What Is Harissa?

Found in Middle Eastern markets, this Tunisian condiment combines hot red pepper flakes and olive oil with dashing flavorings such as garlic, cumin, onions, coriander, and vinegar.

Deviled Eggs with Harissa.

Deviled Eggs with Harissa.

Yes, it’s fiery hot, but it’s deeply, intriguingly flavored, too–no one-note wonder here! In fact, anything Sriracha sauce can do, harissa can do much better.

Where do I find Harissa?

Look for Harissa at well-stocked supermarkets. Sometimes it’s in the condiment aisle, sometimes it’s in the Asian food aisle (go figure). You can also find it on Amazon.

 
How do I use Harissa? 

Put it on the table, as you would Sriracha; however, use a little spoon for serving it. You only dab a tiny bit of harissa onto or into something on you plate, and let it meld into the dish.

A few other ways I use Harissa:

• Use harissa to spice up an aioli: Add a bit to your favorite aioli recipe–and serve it with everything from turkey burgers and grilled vegetables to fish. Yum.

• Use harissa to spice up deviled eggs: Just a dab on the top of your favorite deviled egg recipe. You’ll love the way the lushness of the egg contrasts the heat and spice of the harissa.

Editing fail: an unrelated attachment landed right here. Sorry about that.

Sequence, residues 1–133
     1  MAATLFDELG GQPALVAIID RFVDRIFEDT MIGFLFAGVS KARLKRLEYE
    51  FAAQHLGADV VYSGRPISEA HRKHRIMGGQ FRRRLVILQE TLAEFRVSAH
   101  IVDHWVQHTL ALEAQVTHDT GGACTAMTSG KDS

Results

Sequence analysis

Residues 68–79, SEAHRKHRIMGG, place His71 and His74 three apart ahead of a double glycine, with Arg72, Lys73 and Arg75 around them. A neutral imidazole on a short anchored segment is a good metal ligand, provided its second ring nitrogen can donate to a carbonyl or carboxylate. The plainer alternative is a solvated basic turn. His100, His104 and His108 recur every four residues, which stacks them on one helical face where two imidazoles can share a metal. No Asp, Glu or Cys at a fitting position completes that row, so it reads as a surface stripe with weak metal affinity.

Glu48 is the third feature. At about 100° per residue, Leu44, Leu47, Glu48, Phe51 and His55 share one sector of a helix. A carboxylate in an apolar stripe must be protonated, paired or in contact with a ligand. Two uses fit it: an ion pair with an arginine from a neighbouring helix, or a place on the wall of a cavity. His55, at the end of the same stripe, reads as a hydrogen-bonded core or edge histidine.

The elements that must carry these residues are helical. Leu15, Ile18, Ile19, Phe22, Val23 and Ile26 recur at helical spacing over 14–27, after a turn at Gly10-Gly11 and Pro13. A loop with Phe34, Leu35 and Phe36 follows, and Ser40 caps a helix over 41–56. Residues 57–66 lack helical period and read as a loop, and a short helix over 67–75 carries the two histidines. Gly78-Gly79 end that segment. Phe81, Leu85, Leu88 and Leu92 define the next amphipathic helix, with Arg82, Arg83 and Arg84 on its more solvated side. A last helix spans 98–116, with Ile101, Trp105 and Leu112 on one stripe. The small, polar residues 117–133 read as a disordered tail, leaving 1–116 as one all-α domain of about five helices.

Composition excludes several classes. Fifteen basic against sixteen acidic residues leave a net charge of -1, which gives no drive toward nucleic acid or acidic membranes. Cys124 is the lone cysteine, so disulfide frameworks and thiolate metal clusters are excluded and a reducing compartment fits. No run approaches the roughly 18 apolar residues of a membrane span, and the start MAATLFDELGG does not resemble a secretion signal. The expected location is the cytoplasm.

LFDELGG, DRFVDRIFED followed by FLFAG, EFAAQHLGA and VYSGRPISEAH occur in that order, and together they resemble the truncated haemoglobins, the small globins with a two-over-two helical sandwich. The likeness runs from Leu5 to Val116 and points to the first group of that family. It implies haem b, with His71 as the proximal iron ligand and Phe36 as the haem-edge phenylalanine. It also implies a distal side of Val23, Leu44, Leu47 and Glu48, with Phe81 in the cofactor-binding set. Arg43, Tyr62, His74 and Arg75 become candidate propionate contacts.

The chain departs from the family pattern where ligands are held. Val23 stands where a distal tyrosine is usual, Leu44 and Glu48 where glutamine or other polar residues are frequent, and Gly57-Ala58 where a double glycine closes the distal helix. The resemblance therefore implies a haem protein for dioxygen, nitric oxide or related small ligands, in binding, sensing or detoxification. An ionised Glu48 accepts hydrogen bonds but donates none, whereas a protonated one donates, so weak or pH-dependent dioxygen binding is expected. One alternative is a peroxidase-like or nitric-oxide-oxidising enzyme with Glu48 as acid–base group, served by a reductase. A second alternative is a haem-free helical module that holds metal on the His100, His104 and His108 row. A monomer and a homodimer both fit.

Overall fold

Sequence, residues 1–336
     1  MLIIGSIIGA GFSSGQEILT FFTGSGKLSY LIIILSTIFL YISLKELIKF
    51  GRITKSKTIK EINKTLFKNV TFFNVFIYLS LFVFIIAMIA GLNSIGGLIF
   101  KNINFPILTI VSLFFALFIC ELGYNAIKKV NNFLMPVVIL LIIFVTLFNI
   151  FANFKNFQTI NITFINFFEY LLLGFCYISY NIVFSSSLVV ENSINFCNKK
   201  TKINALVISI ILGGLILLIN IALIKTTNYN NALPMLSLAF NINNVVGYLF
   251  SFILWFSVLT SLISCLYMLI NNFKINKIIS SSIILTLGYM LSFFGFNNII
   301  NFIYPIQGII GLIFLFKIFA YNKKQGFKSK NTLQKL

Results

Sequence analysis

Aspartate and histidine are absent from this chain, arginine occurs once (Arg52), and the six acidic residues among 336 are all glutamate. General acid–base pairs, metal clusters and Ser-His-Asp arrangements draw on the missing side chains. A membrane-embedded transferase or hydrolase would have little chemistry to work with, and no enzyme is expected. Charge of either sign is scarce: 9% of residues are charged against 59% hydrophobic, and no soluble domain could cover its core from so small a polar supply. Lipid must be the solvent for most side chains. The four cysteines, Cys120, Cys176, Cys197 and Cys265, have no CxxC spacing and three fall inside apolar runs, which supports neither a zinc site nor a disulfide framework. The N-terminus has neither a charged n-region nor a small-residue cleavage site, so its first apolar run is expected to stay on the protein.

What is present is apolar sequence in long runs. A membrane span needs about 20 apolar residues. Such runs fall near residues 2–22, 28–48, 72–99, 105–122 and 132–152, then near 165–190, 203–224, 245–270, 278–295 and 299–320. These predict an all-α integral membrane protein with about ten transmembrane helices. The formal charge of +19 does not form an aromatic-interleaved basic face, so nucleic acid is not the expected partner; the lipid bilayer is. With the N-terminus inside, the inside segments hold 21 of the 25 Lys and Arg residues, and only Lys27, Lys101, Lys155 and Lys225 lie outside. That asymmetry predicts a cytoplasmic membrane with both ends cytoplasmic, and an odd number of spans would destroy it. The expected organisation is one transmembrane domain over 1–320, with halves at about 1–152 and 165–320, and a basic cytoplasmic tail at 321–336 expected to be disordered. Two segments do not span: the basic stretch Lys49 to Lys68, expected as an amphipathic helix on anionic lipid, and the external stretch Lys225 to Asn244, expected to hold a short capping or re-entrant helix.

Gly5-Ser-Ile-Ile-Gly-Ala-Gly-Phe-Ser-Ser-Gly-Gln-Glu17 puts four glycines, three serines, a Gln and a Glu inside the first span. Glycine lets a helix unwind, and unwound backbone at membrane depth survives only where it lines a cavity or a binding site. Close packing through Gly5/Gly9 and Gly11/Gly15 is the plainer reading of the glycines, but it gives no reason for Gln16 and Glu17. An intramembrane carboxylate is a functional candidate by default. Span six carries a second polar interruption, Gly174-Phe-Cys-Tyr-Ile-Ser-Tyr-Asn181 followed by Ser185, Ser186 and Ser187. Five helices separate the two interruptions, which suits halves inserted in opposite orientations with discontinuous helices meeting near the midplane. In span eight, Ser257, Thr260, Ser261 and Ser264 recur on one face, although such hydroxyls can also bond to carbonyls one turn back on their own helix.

• Use harissa in my Moroccan-spiced meatballs recipe. Conveniently, the Super Bowl is coming up….but these will be great on any party appetizer table.

 

Your braiser makes a good stove-to-table vessel for cooking and serving these.

Your braiser makes a good stove-to-table vessel for cooking and serving these.

Did I mention that a 1 1/2-quart braiser would be perfect for this recipe? Here’s why: You can take it from stovetop to table. Once on the table, the pan is not only very pretty, but also shallow enough to serve from handily. Plus, the braiser retains heat well. But if they do get cold, whisk them back to the stove for a few minutes and heat them back up.

Enjoy!

Recipe for Moroccan Meatballs aka Party Meatballs with Harissa
Prep time: 
Total time: 
Serves: 10
 
Ingredients
  • 1 medium onion, chopped
  • 1 tablespoon extra-virgin olive oil
  • 2 minced garlic cloves
  • 1 teaspoon ground cumin
  • 1 14.5-ounce can diced tomatoes, undrained
  • 1 to 2 tablespoons harissa
  • 1 pound frozen, fully-cooked beef or lamb meatballs
  • Snipped fresh cilantro or parsley
Instructions
  1. In a medium skillet, sauté the onion in hot oil until tender but not brown; add the garlic and cumin and sauté 15 seconds more. Add the tomatoes, harissa, and meatballs; bring to a boil. Reduce the heat, cover, and simmer, stirring occasionally, about 10 minutes or until flavors have melded and meatballs are hot. Sprinkle with snipped fresh cilantro or parsley to serve. Makes around 20 meatballs.

 
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Recipe for Braised Escarole and White Beans in Your Braiser